Here at the DeSoto Sun, a zoned editon of the Charlotte Sun, readers occasionally write letters to the editor asking for more good news. Apparently in response to such pleas, the publisher, a family enterprise, accommodates friends and cronies by ordering "reporters" to report only good news. (Actually, I don't know why readers write such letters when all we've had for the five years I've subscribed is parades, proms, and middle-school football) Today's local news, for example, is a column that recycles five local reports from yesterday's paper (visit the Christmas light display, eat at the new Italian restaurant, what a wonderful parade downtown we had, etc.) Crime reports are soft pedaled; commissioners are regularly praised for wisdom and never, never criticized. Government and school district meetings are covered as bland agenda-item reports.

The irony is even as I'm spouting off here, this morning's editorial is all about "our job in the media" (Sun Pundit doesn't actually use the word "journalist") is to watchdog public officials and they'd better understand this! Well, the citizenry waits.

10:15 AM, December 08, 2007  
Blogger . said...

P.S. The Sun isn't carrying the CIA interrogation tapes story either. The front-page national news is TV Guide's sale.

And even that is overshadowed by a monument to Pearl Harbor: it's not actually a story, but a reefer on 'roids -- photo, two decks of display type, live-in-infamy quote from FDR -- all to direct readers to observance stories on the local fronts.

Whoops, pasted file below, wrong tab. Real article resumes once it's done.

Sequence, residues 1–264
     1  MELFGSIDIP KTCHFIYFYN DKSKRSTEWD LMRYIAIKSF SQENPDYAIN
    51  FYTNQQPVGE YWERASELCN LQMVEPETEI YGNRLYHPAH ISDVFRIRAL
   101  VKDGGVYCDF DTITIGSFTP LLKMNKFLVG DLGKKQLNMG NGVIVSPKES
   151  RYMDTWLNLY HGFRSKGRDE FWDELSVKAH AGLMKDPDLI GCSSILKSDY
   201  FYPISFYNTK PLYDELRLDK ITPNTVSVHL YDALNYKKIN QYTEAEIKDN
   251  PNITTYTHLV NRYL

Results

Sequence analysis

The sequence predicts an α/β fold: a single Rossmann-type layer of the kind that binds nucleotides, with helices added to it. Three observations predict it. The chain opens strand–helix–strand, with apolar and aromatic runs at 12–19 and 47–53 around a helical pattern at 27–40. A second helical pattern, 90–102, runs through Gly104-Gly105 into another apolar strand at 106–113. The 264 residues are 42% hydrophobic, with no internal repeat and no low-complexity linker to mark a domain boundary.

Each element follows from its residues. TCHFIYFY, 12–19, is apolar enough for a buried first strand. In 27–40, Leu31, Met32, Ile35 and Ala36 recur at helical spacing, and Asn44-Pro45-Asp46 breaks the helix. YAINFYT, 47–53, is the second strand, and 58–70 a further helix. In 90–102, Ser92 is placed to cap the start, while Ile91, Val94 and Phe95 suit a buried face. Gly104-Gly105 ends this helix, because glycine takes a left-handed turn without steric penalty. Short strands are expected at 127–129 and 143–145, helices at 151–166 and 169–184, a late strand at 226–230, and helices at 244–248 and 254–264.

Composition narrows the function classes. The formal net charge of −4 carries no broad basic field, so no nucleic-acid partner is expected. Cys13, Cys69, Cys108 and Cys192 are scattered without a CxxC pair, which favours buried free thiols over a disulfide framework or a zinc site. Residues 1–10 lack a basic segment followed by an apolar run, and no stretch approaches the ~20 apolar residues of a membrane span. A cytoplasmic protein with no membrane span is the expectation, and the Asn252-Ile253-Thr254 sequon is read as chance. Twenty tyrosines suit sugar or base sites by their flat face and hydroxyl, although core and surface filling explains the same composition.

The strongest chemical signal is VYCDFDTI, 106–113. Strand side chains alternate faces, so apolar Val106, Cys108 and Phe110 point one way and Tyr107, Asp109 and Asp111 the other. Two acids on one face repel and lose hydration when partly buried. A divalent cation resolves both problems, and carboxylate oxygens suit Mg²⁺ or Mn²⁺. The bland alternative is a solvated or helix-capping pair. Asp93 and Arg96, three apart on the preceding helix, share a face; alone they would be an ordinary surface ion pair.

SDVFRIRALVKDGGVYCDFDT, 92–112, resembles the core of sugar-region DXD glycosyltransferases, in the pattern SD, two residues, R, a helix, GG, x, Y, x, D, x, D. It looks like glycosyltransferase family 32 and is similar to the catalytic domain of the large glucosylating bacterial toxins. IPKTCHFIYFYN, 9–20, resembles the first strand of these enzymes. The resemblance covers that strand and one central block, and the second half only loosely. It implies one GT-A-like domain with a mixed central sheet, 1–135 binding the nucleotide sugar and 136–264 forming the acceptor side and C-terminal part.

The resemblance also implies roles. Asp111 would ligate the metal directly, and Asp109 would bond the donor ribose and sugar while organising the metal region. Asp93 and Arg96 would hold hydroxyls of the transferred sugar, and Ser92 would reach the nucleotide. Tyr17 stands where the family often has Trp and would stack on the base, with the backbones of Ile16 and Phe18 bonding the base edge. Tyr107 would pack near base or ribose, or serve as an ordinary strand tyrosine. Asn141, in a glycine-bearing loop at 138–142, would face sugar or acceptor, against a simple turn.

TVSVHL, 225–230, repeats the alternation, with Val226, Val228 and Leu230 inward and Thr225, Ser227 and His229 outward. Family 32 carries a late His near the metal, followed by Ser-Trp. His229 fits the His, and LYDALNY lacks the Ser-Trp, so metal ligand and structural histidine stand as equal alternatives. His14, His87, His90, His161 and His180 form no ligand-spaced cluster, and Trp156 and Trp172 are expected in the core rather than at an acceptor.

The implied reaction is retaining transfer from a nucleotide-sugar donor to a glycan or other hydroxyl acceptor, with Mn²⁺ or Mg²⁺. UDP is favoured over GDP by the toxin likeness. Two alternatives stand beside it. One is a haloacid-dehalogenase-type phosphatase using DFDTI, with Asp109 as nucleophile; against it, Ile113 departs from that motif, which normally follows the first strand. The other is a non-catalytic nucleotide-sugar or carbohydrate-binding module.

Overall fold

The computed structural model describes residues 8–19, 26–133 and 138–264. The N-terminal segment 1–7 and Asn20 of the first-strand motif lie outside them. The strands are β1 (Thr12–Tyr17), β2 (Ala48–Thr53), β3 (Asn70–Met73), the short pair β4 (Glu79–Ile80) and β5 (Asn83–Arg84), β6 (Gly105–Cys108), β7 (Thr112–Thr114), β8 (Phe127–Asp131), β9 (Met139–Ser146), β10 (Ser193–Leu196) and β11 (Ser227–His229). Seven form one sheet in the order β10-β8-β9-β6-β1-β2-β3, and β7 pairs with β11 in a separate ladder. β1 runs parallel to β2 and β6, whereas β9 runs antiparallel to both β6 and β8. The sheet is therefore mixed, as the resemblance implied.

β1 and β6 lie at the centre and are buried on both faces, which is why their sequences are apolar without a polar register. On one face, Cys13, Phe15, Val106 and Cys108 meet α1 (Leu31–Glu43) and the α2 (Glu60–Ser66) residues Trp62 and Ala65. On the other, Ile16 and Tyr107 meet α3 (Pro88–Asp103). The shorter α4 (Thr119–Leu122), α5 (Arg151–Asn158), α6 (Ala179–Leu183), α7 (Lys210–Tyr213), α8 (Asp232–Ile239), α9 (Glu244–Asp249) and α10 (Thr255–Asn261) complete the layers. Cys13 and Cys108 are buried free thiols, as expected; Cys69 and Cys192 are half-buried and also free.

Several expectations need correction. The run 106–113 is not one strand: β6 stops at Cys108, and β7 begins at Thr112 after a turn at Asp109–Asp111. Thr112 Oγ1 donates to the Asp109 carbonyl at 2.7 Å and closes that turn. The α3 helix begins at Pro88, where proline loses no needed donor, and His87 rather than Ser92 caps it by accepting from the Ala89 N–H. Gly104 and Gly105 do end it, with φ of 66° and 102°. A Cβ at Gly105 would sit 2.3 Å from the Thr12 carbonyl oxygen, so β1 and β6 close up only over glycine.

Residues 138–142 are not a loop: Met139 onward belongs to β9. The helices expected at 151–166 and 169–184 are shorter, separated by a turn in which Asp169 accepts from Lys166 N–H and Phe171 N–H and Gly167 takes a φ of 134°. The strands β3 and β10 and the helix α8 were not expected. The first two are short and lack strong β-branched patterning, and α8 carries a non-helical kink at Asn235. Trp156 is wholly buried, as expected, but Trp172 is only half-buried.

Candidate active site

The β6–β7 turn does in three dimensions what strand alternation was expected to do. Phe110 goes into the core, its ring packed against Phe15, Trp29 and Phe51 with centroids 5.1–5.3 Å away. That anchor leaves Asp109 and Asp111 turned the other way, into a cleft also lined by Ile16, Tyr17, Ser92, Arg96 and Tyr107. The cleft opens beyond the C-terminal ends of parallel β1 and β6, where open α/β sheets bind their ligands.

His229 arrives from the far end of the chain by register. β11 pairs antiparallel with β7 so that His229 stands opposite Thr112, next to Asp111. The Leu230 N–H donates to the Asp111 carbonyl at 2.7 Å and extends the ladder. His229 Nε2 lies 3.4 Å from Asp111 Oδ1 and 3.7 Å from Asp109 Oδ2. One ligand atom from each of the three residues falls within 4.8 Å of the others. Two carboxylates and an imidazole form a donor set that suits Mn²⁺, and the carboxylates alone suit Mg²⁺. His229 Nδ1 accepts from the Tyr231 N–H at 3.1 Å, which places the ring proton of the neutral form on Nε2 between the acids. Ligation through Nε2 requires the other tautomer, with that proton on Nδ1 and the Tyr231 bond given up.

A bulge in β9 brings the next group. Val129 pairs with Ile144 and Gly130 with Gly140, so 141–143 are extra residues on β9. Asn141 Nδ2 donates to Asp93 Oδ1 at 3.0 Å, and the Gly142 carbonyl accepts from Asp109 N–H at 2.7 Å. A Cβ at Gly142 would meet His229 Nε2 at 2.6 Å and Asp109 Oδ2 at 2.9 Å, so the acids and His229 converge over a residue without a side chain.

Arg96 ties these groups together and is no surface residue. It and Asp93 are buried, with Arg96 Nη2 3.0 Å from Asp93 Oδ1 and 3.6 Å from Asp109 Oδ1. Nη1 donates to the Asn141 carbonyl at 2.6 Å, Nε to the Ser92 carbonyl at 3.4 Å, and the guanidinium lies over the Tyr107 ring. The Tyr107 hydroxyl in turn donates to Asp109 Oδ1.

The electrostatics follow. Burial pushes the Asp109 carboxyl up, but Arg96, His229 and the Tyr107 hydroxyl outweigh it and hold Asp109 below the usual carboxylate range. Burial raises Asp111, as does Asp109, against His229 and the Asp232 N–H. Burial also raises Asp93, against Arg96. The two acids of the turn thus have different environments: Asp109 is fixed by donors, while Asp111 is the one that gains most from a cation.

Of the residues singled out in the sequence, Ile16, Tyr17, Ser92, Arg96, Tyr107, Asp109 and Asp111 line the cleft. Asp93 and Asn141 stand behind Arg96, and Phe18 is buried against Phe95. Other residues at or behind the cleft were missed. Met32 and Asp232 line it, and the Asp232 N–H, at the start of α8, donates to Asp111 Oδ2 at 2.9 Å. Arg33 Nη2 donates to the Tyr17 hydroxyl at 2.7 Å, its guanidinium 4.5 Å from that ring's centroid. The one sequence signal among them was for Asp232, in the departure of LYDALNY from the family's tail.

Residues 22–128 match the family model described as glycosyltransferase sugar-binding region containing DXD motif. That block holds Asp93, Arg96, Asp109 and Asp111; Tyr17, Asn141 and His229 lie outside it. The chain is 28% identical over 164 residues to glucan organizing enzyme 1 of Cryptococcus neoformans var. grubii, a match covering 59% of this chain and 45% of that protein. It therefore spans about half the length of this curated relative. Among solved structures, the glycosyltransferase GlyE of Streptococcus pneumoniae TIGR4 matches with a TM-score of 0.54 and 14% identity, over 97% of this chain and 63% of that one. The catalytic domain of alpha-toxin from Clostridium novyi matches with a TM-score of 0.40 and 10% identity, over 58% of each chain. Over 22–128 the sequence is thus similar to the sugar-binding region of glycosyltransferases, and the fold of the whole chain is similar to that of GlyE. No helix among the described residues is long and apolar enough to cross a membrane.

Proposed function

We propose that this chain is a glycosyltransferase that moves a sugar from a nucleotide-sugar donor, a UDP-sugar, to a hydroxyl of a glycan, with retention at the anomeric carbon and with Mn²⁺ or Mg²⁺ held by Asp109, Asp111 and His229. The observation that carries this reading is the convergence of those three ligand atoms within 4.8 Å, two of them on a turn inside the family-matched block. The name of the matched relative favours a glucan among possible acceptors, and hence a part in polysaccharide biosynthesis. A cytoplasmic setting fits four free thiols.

(Please don't question my credentials as a citizen for hinting this is overplayed)

10:53 AM, December 08, 2007  
Blogger fev said...

Always nice to welcome a new visitor from the ACES board, but -- nah, I have a lot of problems with the "local is better" philosophy.

Small stuff first, it's inconsistently applied. If the guideline is where news can be gotten better and faster, then it's time for daily papers to throw all college and professional sports coverage overboard (the very definition of stuff that anybody-who-cares-about knows shortly after the game is over). And nobody's ever suggested that a major regional paper needs to have the same mission as the WashPost or the Times; you don't need a couple dozen foreign bureaus to do a creditable job of international coverage.

The problem here isn't that the stories are low-bore. The sheriff selection is an obvious 1A call, the football scam worth considering (not because of the sport, but because of the damn grownups). The prostitution story strikes me as the sort of pedestrian stuff that usually flows out when the warrants are opened (and, again, as getting the play it does because it involves rich people).

And -- as you'll recall from another post that you commented on -- the paper obviously _does_ run national news in the 1A lede spot: this week alone, a bad horse-race story and a mall massacre.

I think the problem is that the Obs doesn't have any consistent mechanism for reliably judging international and national coverage against the rest of the "mix." There's nothing in the news-judging process to distinguish a half-ass campaign story from genuinely important developments in how the country relates to the rest of the world, or serious revelations about the conduct of the people who run the place. Thus there's no way of telling when such a story might be a better 1A candidate than another high school football piece.

I'm not _actually_ sneering. I'm really kind of spewing coffee over the monitor in dismay. But eventually I'm going to be another person who decides that newspapers that can't tell news from schlock aren't worth my time or money.

10:48 PM, December 09, 2007